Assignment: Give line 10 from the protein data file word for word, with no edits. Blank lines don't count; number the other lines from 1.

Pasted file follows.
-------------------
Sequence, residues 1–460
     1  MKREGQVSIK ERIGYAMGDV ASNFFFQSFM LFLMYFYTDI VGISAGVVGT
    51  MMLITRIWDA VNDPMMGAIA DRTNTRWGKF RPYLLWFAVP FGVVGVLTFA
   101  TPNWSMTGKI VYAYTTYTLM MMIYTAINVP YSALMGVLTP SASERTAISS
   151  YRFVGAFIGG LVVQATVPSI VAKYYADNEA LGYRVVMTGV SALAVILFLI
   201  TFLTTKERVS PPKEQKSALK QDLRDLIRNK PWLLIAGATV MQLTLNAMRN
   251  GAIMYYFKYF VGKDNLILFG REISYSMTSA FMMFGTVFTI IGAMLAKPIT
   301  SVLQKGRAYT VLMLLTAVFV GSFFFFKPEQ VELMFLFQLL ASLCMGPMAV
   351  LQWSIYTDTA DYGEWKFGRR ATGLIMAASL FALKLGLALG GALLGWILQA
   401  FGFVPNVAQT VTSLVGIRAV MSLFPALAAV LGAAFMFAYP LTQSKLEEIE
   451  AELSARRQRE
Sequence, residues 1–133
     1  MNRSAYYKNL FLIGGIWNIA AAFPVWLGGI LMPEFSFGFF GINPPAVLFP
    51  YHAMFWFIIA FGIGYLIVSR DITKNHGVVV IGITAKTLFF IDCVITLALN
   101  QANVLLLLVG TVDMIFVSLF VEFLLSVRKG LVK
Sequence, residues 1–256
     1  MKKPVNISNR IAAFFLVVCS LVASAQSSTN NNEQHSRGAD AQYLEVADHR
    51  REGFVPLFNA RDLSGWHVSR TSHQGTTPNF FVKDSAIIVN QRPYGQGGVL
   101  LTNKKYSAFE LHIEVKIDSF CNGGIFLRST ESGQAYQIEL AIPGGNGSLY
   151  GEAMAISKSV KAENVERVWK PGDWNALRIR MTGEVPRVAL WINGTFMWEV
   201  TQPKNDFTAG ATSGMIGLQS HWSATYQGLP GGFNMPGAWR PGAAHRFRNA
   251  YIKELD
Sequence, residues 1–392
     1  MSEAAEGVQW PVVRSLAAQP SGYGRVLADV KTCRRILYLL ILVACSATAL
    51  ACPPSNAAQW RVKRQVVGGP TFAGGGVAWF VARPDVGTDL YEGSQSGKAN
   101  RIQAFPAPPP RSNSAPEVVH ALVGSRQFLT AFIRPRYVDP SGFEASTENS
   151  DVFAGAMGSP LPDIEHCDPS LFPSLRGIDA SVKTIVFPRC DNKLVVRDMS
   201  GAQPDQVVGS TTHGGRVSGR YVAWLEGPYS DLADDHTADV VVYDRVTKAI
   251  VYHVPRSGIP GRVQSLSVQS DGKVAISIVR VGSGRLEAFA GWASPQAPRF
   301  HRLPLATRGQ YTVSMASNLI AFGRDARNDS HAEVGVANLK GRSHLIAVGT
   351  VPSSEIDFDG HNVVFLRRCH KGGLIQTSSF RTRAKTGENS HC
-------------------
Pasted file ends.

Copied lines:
   401  FGFVPNVAQT VTSLVGIRAV MSLFPALAAV LGAAFMFAYP LTQSKLEEIE